NYPD have released surveillance video of a man believed to be linked to the killing of Yahira Nesby, a black trans woman who was found fatally shot in her apartment earlier this month.
The footage, shared by WPIX 11, shows a black man wearing all-black clothing with gray-ish sneakers walking down a street. Nesby, described by the Human Rights Campaign (HRC) as a “loved member of the New York ball scene,” was just 33 at the time of her death.
A native of North Carolina, Nesby—whose nickname was Yaya—was a member of the House of Chanel; friends and family described her as warm, religious woman.
Dozens of mourners commemorated her life at a vigil outside her apartment complex last week, including Public Advocate Jumaane Williams, reports the GayCityNews.
According to HRC’s estimates, Nesby is the 25th trans or gender non-conforming person to be killed this year (though this number could be higher, due to police and family misgendering). And while 2019 is marginally better than 2018 in terms of murder rates, violence against trans women remains an urgent issue in both the LGBTQ and black communities: the overwhelming majority of the women killed were black.
The importance of advocating for trans people—particularly black women, who are most vulnerable to interpersonal and state violence—was front and center this year. The epidemic of violence hitting the community was mentioned by multiple Democratic presidential candidates, including Sens. Elizabeth Warren (D-Mass.), Cory Booker (D-N.J.), and former Housing and Urban Development Secretary Julián Castro. Inclusive advocacy was also focus of the 50th anniversary of the Stonewall Uprising in New York City.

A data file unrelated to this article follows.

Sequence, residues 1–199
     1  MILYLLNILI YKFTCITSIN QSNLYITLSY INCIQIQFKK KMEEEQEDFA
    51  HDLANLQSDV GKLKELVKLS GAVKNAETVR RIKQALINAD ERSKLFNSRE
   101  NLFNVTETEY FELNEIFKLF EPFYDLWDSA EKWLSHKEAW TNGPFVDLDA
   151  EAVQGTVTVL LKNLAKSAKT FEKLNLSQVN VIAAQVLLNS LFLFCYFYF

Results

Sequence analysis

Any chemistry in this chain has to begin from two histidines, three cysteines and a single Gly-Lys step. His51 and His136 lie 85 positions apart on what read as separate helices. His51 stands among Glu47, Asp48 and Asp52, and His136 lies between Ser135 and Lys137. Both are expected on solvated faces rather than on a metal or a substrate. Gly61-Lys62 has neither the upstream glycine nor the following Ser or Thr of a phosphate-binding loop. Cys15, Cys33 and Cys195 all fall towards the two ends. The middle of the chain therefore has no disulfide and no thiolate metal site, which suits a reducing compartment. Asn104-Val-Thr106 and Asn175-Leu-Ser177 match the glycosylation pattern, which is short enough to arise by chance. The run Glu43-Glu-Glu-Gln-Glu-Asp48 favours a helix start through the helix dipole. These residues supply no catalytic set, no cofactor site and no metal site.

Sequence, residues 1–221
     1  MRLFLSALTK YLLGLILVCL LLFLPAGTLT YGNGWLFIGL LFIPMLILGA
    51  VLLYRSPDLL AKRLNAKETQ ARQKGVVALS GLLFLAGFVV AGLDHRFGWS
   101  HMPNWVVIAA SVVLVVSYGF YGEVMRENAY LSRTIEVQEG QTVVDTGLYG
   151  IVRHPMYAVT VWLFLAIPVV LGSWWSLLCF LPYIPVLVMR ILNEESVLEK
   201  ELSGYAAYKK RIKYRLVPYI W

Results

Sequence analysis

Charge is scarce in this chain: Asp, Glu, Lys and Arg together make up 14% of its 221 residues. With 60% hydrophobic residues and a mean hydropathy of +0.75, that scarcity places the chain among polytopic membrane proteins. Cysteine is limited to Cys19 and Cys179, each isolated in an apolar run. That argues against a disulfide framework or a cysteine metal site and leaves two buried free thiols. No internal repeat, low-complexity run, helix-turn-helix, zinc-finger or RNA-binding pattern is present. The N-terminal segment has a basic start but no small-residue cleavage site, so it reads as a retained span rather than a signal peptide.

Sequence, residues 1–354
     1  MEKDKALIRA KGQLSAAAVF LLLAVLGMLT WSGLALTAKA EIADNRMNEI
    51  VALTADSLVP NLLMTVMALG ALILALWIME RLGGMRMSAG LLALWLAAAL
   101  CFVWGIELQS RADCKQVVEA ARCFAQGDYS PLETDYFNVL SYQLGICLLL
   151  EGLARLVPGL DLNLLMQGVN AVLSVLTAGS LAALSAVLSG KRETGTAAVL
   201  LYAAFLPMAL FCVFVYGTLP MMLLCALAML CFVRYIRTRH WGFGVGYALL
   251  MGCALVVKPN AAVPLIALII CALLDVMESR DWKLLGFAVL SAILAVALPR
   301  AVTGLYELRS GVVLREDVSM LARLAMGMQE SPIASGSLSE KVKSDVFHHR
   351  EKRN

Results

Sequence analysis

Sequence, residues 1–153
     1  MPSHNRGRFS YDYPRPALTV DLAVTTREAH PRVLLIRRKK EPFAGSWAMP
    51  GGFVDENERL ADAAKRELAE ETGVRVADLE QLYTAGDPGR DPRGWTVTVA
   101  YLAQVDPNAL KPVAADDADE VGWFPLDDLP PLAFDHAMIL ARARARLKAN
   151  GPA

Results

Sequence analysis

Ahead of the massive celebration, actress and advocate Laverne Cox told BuzzFeed’s AM 2 DM, “your attraction to me as a trans woman is not a reason to kill me.”
The crisis comes—not coincidentally—as black trans women become more visible in everyday life.
Cox also shared the struggle of confronting the issues continuing to plague trans black women, while also celebrating their increased power. She noted author and activist Janet Mock’s landmark production deal at Netflix, as well as actress Indya Moore’s Elle magazine cover as examples.
“For a long time I was talking about [the violence] all the time and just felt I was existing in this space of death, constantly, and it was insanely depressing,” Cox added. “And so I try to be in a ‘both and’ place.”
Most of the homicides tracked by advocates so far this year are the result of gun violence, HRC notes.